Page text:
ON THE AVENUES: Take this cult of personality and shove it (2017 remix).

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ON THE AVENUES: Take this cult of personality and shove it.

A weekly column by Roger A. Baylor.

This column originally was published on May 14, 2015. The pendulum swings back to relevance today because Mayor Jeff M. Gahan is approaching a decision.

The Green Mouse says there was a period of uncertainty following the 2016 election cycle, but now the rumorama is back on track, with Gahan apparently close to seeking Ron Grooms’ State Senate seat in 2018; if he loses, there’d be another mayoral run in 2019.

Recent propaganda photos released by the city show a nattily attired David Duggins, cleaned up nicely and striking bizarre mayoral poses in case he’s needed to succeed State Senator Deaf in 2019.

Duggins would need to establish residency to run, but post office boxes are cheap. He’d have to do something about Bob Caesar, who wants to be mayor so badly that he’s taken to arming himself with Depends during council meetings.  

Then there’s Adam “Aging Boy Wonder” Dickey, who the Green Mouse believes to be contemplating a challenge to Ed Clere in 2018. Speaking personally. I think party chairmen should be more demure; besides, it’s hard to imagine Mr. Disnee giving up his Redevelopment Commission seat.

Any way the bologna gets cut, and as this video indicates, we’re about to be deluged with a fresh surge of Gahan’s “never wrong, always right” cult of personality — hence this timely refresher course.

Are you ready to help topple the tinhorn? The time draws near, so let’s work together, okay?

Human psychology is a nuanced and often bewildering topic, but it’s probably safe to assert that to some vague extent with interpersonal relationships, most of us want to be liked, and prefer being liked to being feared.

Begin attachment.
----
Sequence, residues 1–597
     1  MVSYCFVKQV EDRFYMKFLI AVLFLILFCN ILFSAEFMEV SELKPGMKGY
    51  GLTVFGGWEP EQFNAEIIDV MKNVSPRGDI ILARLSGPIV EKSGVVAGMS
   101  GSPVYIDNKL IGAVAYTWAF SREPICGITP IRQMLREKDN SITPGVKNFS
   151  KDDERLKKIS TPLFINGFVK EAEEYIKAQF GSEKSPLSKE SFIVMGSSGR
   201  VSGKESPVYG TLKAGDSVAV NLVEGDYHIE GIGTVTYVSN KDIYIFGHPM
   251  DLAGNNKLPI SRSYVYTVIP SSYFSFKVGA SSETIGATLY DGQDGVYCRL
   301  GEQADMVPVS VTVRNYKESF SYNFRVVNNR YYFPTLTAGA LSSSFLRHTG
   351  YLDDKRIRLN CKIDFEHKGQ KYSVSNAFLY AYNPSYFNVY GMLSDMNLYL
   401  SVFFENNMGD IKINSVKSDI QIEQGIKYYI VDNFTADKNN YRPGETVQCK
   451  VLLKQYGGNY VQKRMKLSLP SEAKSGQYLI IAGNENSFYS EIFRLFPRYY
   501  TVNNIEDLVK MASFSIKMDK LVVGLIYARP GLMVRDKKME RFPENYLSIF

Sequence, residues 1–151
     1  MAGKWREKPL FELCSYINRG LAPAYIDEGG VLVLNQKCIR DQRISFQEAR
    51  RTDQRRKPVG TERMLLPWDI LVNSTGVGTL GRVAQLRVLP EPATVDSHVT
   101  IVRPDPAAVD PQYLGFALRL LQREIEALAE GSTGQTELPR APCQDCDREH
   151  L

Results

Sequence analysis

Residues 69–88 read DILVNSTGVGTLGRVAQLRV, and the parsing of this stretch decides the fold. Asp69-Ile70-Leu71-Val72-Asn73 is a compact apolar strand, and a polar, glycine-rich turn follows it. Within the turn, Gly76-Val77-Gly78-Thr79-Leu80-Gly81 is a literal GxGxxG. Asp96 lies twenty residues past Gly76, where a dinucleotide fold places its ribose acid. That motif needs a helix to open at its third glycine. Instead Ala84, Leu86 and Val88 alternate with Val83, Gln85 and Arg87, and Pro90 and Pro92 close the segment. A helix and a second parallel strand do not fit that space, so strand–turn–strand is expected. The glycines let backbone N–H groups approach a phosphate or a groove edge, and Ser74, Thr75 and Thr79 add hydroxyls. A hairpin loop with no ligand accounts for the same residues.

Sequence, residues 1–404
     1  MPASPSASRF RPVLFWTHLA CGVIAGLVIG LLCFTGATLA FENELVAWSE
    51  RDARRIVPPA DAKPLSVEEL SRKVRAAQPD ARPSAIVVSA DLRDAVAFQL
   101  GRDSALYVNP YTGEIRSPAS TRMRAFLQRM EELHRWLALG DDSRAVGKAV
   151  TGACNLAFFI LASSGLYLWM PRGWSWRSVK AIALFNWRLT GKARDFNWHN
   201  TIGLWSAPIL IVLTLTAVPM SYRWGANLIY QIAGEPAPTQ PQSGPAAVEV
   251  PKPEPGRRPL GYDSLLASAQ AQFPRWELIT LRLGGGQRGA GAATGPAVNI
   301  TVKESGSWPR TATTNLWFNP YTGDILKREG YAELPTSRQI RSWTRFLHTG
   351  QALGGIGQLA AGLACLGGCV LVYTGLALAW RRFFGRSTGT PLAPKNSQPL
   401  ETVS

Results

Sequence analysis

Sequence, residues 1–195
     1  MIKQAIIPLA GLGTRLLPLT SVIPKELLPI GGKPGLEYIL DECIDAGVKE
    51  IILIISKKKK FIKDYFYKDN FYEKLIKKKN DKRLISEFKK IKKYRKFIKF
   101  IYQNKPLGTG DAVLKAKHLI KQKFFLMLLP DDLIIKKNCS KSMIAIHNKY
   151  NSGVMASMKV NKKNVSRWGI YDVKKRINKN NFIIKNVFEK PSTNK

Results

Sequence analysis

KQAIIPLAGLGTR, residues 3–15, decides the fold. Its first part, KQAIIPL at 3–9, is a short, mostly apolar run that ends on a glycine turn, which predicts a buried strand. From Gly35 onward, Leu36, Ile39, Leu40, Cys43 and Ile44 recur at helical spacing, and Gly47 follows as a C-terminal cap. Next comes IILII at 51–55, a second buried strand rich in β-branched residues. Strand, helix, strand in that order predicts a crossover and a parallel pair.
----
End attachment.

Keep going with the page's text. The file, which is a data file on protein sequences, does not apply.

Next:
(Note that in this digression, I have no intention of trying to fathom what it means to be “liked” on Facebook)

Meanwhile, out in the real world, the devil resides fully within the details.

Getting along with people and being liked are two very different issues. To get along with someone requires that you figure out how to balance meeting your needs with that of another person until the two of you arrive at a resolution. Your best chances of being liked occur when you go along with the desires of other even if it means sacrificing your personal goals. To be liked means that other people have positive associations to you so that when they see or think about you, it’s with a mental smile.

What about if you don’t particularly care about being liked? You have a job to do, for example, that involves your making tough decisions that possibly cause other people to resent your or, at best, prefer to stay out of your way. When they think of you, it’s with an active sense that being with you will cause them more pain than pleasure.

If human psychology is a tangled wilderness of conditioned responses and primal screams, consider the genre of politics.

Politics (from Greek: πολιτικός politikos, definition “of, for, or relating to citizens”) is the practice and theory of influencing other people. More narrowly, it refers to achieving and exercising positions of governance — organized control over a human community, particularly a state. Furthermore, politics is the study or practice of the distribution of power and resources within a given community (a usually hierarchically organized population) as well as the interrelationship(s) between communities.